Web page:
Human-associated microbial communities include fungi, but we understand little about which fungal species are present, their relative and absolute abundances, and how antimicrobial therapy impacts fungal communities. The disease cystic fibrosis (CF) often involves chronic airway colonization by bacteria and fungi, and these infections cause irreversible lung damage. Fungi are detected more frequently in CF sputum samples upon initiation of antimicrobial therapy, and several studies have implicated the detection of fungi in sputum with worse outcomes. Thus, a more complete understanding of fungi in CF is required.We characterized the fungi and bacteria in expectorated sputa from six CF subjects. Samples were collected upon admission for systemic antibacterial therapy and upon the completion of treatment and analyzed using a pyrosequencing-based analysis of fungal internal transcribed spacer 1 (ITS1) and bacterial 16S rDNA sequences. A mixture of Candida species and Malassezia dominated the mycobiome in all samples (74%-99% of fungal reads). There was not a striking trend correlating fungal and bacterial richness, and richness showed a decline after antibiotic therapy particularly for the bacteria. The fungal communities within a sputum sample resembled other samples from that subject despite the aggressive antibacterial therapy. Quantitative PCR analysis of fungal 18S rDNA sequences to assess fungal burden showed variation in fungal density in sputum before and after antibacterial therapy but no consistent directional trend. Analysis of Candida ITS1 sequences amplified from sputum or pure culture-derived genomic DNA from individual Candida species found little (<0.5%) or no variation in ITS1 sequences within or between strains, thereby validating this locus for the purpose of Candida species identification. We also report the enhancement of the publically available Visualization and Analysis of Microbial Population Structures (VAMPS) tool for the analysis of fungal communities in clinical samples.Fungi are present in CF respiratory sputum. In CF, the use of intravenous antibiotic therapy often does not profoundly impact bacterial community structure, and we observed a similar stability in fungal species composition. Further studies are required to predict the effects of antibacterials on fungal burden in CF and fungal community stability in non-CF populations.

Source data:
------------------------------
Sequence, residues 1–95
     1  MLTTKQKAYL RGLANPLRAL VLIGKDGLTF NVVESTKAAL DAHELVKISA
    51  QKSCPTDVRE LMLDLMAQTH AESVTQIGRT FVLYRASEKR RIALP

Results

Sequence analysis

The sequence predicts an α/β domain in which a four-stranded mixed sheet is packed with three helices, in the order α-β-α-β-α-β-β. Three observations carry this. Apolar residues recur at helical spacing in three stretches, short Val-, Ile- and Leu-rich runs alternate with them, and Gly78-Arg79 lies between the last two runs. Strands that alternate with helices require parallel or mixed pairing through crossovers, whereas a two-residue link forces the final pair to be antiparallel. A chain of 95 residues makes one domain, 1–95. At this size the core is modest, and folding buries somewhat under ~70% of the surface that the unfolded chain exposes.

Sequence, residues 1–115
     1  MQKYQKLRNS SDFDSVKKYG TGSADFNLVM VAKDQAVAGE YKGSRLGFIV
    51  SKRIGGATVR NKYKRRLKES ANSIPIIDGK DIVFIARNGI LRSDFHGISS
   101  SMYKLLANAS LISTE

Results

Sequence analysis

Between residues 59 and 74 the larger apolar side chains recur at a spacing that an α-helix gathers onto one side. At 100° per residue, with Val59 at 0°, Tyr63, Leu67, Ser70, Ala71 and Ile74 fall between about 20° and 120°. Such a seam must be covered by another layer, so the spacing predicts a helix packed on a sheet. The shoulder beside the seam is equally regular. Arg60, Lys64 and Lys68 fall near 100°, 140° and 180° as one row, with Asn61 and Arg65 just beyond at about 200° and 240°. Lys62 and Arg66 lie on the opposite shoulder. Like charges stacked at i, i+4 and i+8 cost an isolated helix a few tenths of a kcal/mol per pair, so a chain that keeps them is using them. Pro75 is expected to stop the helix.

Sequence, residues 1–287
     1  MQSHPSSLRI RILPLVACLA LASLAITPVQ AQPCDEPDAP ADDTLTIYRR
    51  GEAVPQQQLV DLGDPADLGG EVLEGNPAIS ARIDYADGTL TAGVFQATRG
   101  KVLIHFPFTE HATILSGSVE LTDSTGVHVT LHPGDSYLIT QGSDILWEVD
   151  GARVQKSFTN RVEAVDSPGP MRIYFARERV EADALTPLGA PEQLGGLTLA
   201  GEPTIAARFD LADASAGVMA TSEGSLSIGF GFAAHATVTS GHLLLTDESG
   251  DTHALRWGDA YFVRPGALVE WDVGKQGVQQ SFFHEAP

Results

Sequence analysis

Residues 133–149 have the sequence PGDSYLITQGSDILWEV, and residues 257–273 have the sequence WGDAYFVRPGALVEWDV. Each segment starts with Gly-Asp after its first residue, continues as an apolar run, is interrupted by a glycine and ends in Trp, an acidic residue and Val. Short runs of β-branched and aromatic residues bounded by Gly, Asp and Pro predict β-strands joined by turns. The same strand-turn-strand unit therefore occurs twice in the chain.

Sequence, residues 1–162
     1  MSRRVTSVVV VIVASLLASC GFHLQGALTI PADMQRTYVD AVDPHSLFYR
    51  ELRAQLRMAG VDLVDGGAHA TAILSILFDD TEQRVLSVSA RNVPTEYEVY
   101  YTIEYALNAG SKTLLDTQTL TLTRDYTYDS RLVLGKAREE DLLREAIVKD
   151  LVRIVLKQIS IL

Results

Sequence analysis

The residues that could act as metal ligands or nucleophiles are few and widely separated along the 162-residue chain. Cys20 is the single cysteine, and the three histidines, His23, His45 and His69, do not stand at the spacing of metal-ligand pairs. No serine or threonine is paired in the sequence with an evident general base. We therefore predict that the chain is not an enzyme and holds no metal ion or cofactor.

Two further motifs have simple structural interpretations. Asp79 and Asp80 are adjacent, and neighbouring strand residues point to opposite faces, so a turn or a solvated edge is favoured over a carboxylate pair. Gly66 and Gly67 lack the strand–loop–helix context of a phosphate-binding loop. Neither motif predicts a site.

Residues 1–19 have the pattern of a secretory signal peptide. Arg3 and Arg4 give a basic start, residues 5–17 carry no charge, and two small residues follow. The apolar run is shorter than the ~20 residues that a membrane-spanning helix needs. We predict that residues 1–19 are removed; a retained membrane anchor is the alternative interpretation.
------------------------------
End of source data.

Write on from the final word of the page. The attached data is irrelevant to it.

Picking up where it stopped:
- The findings of a clinical surveillance bronchoalveolar lavage programme in pre-school patients with cystic fibrosis. [JOURNAL ARTICLE]
- Pediatr Pulmonol 2014 Nov 18.
Evidence suggests infection is present in the lower airways of young children with cystic fibrosis (CF), even when clinically stable. Oropharyngeal samples (OPS) are typically used for airway surveillance in these children but have been shown to have low positive predictive values and low sensitivity in detecting lower airway infection when compared with the reference standard, bronchoalveolar lavage (BAL).The aim of this study was to determine the prevalence of pathogens in lower airway samples detected as part of a pilot clinical BAL surveillance programme, in young children aged from one to six years old, and to ascertain if their detection resulted in a change in treatment.During the study 78 bronchoscopies were performed on 38 patients. The average age at the time of bronchoscopy was 2.7 years (range 0.3-7.0 year). A significant organism was detected in 58 (74.5%) BALs. Haemophilus influenzae was detected in 27 (34.6%) samples, 16 (20.5%) samples had Staphylococcus aureus, and nine (11.5%) had Pseudomonas aeruginosa. Change in treatment occurred after 46 (58.9%) BALs.This study suggests that, in young non-expectorating children with CF, routine surveillance bronchoscopy allows the detection of significant lower airway pathogens and provides the opportunity for targeted treatment of sub-clinical infection. Pediatr Pulmonol. © 2014 Wiley Periodicals, Inc.
- Erythema nodosum of non-lower extremity sites - a histopathologic reappraisal. [JOURNAL ARTICLE]
- G Ital Dermatol Venereol 2014 Nov 19.
We recently saw a 51 year--old female with a tender, erythematous nodule on the left elbow and histopathology consistent with Erythema nodosum (EN). A subsequent literature review of EN in non--lower extremity (LE) sites identified only three reports, with minimal histopathology, prompting the current study. We identified nine EN cases on non--LE sites over a 14--year period. Histopathology typical of EN observed included septal panniculitis, fibrosis and edema, a mixed septal inflammatory infiltrate with and spillover into adjacent lobules and Miescher's radial granulomas. Atypical features observed included a mixed (septal and lobular) panniculitis, leukocytoclastic vasculitis, changes in septal small vessels (lymphocytic cuffing of septal venules, endothelial swelling), lipomembranous cystic change and asteroid bodies. To the best of our knowledge, this is the first study to detail the histopathologic findings of EN on non--LE sites. Similar to that noted in classical EN in the LE, findings from the current study indicate that EN in non--LE sites display typical as well as atypical features. Limitations include retrospective design and the unspecified duration of biopsied lesions relative to clinical presentation.
- An easy test but a hard decision: ethical issues concerning non-invasive prenatal testing for autosomal recessive disorders. [JOURNAL ARTICLE]